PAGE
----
Lots of good ideas here, but I don't understand how slowing down open mod is going to fill races.
Here is my 2c.
1. Mod is mod--where the fastest and best drivers figure out (between set up and driving skill) how to strap in and lay down more and more power.
Why should the elite class be handicapped to become more accesible to the masses?
2. If a slower class is needed, it seems we already have those (21.5, 17.5, 13.5)--and yet here we are discussing a shrinking TC class.
3. I think the solution to shinking turnouts lies in rekindling the BASICS of what make TC Racing cool in the first place--things like scale realism, the ability to race in a parking lot, adjustability, and killer speed/acceleration.
Glimmers of hope like WGT, F1, (and the Slash class in offroad), point to this fact.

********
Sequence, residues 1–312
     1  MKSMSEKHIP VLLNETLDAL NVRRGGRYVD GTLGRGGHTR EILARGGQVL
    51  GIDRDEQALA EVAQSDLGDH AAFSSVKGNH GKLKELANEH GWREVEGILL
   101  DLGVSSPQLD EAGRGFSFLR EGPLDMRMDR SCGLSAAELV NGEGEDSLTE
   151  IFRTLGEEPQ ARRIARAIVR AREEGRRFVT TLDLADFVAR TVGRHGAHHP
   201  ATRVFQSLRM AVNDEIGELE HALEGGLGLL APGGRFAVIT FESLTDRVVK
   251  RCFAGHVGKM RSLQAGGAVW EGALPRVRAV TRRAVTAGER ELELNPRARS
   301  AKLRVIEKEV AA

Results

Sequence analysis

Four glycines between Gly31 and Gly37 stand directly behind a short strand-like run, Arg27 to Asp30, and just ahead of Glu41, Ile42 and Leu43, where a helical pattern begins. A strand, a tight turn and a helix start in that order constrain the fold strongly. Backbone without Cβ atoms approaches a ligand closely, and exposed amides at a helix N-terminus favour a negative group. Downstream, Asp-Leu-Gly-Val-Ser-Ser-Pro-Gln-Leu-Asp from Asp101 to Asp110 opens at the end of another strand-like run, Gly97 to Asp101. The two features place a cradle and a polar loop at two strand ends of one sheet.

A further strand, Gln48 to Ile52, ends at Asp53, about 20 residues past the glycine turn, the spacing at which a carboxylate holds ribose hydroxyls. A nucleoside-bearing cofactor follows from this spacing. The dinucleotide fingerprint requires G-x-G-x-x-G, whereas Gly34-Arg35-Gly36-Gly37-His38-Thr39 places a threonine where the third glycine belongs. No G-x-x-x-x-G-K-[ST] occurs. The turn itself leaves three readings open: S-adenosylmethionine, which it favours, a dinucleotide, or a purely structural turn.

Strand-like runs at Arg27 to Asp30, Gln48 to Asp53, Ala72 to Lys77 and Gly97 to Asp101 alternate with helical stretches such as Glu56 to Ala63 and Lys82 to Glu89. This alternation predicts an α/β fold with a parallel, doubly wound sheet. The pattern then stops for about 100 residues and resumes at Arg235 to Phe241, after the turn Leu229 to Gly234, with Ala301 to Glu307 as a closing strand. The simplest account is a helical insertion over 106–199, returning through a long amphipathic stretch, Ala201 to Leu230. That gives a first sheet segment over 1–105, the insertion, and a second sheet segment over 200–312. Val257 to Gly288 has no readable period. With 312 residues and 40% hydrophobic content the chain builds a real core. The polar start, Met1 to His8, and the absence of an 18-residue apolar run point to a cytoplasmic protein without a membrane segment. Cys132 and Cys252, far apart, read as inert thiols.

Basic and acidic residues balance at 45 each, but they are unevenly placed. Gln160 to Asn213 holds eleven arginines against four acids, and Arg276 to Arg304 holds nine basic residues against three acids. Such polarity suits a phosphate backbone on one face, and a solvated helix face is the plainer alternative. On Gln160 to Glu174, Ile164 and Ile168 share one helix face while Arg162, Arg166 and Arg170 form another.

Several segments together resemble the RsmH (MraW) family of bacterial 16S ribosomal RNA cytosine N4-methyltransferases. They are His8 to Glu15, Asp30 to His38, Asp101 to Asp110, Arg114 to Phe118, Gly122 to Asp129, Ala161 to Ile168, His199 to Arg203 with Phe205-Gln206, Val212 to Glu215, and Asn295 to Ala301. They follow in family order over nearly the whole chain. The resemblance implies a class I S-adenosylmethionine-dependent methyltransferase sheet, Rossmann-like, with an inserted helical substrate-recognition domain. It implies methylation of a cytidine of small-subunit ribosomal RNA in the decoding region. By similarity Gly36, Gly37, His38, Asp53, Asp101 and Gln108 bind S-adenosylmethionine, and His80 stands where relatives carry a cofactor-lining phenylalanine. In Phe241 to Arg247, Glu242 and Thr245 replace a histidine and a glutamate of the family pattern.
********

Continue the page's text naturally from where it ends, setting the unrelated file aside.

Rules are rules, but like fences, rules can only manage the substance of what is already there.
For TC to flurish, we need a substantive change, not a topical re-arrangement of the same old, same old.
4. What might this mean?
*Well how about cheaper, simpler, more durable cars?
I've raced since TC started in the mid 90's, and while the cost (of time and money) to competitive has easily doubled, my enjoyment has not. It is much harder for me to field a winning car now (again in terms of time and money) than ever before. Is the excitement on the track somehow better, or more intense knowing you spent two to three times more than you used to?
*How about cheaper, longer life tires? A little less grip will balance out the field. Longer life and less cost, less frequent will bring more people in than a slower mod class (to say nothing about helping out those that run mod!)
*How about a greater choice of more realisic, less aero-serious bodies?
I know watching my Tamiya Alfa 155 cruise around the track atop my TA01 was a cool experience--one that I have yet to best, and will never forget.